To understand just why it costs less to take out a life insurance policy whilst you’re still young, we need to look at how the insurance industry works. All types of insurance (be it car, home contents, or health) are sold by financial institutions who want to calculate the best way to make money from your policy. After all, insurance companies are businesses, and they need to be sure of making a healthy profit in order to stay in the game.
If an insurance company were to miscalculate and offer cheaper premiums to a group of people who, statistically, were significantly more likely to make a claim, then they would risk paying out more money than they will have received from these customers’ premiums. This, of course, is bad news for the insurance company. Risk, therefore, is the key word for any kind of insurance policy, and insurance companies spend a lot of time and money devising how to predict the financial benefit of every premium that they sell.
In the case of life insurance, insurers predict that the older a customer is, the more likely his or her named beneficiaries will be to make a claim, and they may also make a claim before many premiums have been paid. Other factors that affect the cost include the unfortunate reality that the older we are, the more likely we are to develop significant health conditions that can affect our longevity. Even lifestyle choices can play a part in driving up the cost of premiums as you get older: for example, older drivers are considered to be a greater insurance risk, due to slowing reaction times, poorer eyesight and hearing, and a greater chance of being badly injured due to their frailty, with statistics showing they are more likely to be seriously hurt or killed if they were to be involved in a car accident .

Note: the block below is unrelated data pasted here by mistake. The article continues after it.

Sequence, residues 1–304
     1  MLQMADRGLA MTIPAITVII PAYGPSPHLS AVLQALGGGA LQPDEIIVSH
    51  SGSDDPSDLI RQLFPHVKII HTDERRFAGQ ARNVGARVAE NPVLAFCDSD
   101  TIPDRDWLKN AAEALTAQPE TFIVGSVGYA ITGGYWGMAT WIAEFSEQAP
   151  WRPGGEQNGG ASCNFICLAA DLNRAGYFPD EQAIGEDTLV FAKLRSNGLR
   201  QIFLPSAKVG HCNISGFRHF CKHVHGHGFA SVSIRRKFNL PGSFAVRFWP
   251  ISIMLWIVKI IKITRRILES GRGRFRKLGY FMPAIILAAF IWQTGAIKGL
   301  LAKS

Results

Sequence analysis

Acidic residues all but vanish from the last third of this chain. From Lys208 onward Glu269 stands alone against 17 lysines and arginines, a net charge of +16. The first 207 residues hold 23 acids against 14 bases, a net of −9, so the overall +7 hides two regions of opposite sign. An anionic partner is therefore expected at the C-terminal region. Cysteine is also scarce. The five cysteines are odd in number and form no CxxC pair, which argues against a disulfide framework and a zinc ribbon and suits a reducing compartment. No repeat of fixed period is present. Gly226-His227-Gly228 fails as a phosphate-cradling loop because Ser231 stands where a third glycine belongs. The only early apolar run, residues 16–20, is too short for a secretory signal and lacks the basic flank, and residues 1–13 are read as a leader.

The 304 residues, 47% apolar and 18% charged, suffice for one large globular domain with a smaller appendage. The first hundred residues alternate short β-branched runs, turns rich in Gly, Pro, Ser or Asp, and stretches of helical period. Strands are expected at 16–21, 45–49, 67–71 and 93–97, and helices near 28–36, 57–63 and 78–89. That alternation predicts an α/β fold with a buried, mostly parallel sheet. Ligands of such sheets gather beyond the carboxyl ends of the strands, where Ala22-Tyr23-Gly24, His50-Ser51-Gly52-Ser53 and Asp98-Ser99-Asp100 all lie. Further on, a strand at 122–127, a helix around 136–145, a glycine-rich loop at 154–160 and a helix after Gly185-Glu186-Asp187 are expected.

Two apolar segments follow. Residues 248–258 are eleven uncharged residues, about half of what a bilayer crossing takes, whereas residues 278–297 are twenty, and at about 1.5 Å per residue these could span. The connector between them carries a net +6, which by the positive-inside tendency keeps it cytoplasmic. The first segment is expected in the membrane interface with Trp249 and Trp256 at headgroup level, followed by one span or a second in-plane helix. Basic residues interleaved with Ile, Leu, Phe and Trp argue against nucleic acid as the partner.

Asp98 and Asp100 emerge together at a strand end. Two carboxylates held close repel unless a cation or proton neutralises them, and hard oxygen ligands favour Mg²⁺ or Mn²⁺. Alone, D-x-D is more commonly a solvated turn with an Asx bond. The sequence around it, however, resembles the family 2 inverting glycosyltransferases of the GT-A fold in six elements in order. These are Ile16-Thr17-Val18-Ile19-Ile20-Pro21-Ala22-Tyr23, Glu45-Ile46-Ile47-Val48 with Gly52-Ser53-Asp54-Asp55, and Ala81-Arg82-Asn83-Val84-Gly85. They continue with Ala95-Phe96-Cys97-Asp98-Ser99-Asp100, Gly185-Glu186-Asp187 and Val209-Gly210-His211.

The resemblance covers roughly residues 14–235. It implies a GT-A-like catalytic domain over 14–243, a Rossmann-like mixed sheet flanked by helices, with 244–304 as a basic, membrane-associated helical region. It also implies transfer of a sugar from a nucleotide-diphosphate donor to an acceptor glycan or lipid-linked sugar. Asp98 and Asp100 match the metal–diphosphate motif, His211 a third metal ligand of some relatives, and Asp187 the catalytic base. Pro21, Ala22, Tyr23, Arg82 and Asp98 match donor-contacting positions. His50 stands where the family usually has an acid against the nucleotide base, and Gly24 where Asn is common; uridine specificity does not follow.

When it comes to calculating the cost of a customer’s life insurance age is not the only consideration. Insurers will also look at many other factors when it comes to calculating the cost of an individual’s life insurance premiums. There are, for example, lifestyle factors and even jobs that can significantly drive up the price of a policy, as they are perceived as presenting a greater risk of early death. These factors can include popular habits such as smoking, drinking alcohol, or taking recreational drugs, and hobbies and interests such as scuba diving, rock climbing, or mountain biking.
Jobs that are flagged as high risk by insurance companies include roles in farming, construction, security, and the emergency services. For those working in the armed forces, there are specialist insurance providers who can accommodate the level of risk associated with the travel and nature of work undertaken by those in the army, navy, or air force.